It is relatively well known that large amounts of stress, or frequent stressful situations can lead to a shorter life. So what does that mean for people with anxiety disorders, who are constantly stressed out and under pressure in their calmest state? Due to the lack of sleep, energy and frequent overwhelming emotional challenges, many people with chronic anxiety are often unable to keep up with their everyday lives, this can aggravate them further and deepen their overall sense of hopelessness and entrapment in the disorder. Several studies have proved that anxiety combined with depression, which is very common, increases the risk of suicidal thoughts and suicide attempts. It is fairly common for people with anxiety disorders to suffer from addictions to drugs, alcohol or tobacco. Anxiety can also cause digestive issues, heartburn, cramping, bloating, weight fluctuations, a loss of interest in sex, muscle tension and chronic pain as well as migraines and insomnia, which I have already mentioned. Stress and anxiety also decrease the productivity of the immune system. This Means that people with anxiety are more likely to develop allergies and other diseases ontop of anxiety. Which is, of course, only more cause of worry. Because of the continuous release of stress hormones people with anxiety disorders are at risk of developing other severe health problems like cardiovascular diseases, diabetes and cancer.
Luckily there are many different kinds of treatment for people with anxiety disorders. Medication is useful for treating the symptoms of anxiety disorders and is prescribed in a combination with other therapies. However, all the drugs that are used to treat anxiety come with a long list of warnings and side effects. A lot of medication for anxiety can make a person dizzy and cause fainting. It is highly recommended that people with anxiety disorders take psychotherapy, with or without medication. There are many other options for people who are uncomfortable with medication, and they are all encouraged for those who choose to take medication additionally. Eating healthily and exercising daily can help combat many symptoms of anxiety disorders. Another way to relieve anxiety without medication or in addition to medication is through daily meditation.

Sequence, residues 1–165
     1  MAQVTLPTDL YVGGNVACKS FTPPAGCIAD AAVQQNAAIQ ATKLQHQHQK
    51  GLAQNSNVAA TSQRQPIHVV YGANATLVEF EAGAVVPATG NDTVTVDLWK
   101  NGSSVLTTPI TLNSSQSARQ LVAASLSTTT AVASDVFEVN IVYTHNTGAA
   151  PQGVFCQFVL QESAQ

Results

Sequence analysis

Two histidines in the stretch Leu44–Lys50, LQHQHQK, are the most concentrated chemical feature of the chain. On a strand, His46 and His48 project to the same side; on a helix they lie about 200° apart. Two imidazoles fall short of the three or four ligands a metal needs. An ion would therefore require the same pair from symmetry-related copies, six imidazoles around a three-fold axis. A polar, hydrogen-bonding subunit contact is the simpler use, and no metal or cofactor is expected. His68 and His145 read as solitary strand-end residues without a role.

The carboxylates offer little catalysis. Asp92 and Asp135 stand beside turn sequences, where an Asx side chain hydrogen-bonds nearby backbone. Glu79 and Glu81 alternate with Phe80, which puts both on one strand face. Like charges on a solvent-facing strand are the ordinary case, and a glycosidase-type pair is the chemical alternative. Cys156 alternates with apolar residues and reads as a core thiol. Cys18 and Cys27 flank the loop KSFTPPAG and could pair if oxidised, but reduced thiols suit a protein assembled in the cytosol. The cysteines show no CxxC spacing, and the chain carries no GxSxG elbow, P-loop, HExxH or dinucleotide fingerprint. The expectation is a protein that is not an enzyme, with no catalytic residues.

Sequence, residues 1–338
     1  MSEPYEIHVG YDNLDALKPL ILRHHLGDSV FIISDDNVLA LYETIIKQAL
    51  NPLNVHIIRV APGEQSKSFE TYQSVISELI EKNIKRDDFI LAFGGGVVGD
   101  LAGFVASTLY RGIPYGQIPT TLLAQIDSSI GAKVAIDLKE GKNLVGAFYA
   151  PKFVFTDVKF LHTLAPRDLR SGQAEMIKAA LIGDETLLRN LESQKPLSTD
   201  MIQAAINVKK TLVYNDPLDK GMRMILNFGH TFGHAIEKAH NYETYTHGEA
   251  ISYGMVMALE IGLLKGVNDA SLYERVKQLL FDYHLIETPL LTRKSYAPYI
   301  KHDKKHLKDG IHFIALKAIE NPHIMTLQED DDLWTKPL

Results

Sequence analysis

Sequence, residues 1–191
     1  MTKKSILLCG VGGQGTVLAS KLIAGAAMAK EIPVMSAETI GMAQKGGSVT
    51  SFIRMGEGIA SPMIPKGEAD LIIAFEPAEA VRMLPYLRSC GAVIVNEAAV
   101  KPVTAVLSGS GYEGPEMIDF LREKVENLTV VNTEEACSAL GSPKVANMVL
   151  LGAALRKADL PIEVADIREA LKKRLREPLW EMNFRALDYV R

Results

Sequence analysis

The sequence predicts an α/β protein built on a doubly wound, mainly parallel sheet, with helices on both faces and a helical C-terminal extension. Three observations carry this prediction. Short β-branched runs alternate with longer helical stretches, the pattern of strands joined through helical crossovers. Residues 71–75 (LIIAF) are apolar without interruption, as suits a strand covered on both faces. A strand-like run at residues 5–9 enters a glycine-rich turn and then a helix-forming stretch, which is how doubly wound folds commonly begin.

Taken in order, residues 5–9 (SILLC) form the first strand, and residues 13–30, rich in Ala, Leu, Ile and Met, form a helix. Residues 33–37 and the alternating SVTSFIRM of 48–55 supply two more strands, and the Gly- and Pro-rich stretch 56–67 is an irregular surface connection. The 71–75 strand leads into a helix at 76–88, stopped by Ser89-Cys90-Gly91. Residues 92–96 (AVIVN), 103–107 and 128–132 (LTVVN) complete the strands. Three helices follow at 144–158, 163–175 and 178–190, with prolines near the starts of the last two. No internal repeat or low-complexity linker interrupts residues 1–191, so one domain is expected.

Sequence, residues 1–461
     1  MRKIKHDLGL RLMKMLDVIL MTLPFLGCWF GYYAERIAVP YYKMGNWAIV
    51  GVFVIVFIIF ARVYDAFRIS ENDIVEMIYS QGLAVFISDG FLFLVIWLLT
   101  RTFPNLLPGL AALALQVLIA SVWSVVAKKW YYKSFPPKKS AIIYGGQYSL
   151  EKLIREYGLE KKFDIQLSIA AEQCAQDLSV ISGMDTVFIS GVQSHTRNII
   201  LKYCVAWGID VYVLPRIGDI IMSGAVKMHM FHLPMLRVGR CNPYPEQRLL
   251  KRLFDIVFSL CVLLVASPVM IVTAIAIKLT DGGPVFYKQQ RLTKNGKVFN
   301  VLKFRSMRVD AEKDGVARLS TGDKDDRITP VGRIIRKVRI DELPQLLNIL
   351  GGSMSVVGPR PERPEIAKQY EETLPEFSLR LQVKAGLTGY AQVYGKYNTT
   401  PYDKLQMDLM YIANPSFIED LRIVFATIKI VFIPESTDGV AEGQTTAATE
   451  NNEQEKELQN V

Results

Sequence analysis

Unfortunately, there is no way to prevent an anxiety disorder. Since the disorder is often hereditary or environmentally created, there is really no way to prevent yourself from getting an anxiety disorder. Thankfully, there are many things you can do to minimize your symptoms and treat the chemical imbalance. There are many things a person at risk of an anxiety disorder can do to minimize stress in their life as described previously. Another helpful thing to do is to get help early. As soon as you are diagnosed with an anxiety disorder keep a journal, this can help organize and process thoughts, prioritize, so you are not giving yourself things to worry about when they are irrelevant, and by avoiding unhealthy substance use.
Although anxiety disorders are crippling to many people, keeping them inside, paralyzing them with the thought of speaking to another person or trying something new, there are many ways to get through the challenges of the disorder. Whether you are more comfortable with natural treatment or prefer psychiatrist administered medications, there is help. There is as much help as much as there are challenges. Although it might get worse before it ever gets better, the important part is to keep your chin up, no matter how heavy it may be. Thankfully, with treatment of either kind, natural or traditional, people with anxiety disorders eventually overcome their crippling fears and distress and begin to build full lives for themselves. Even though relapses are common, the more care you give to yourself the quieter your mind will be.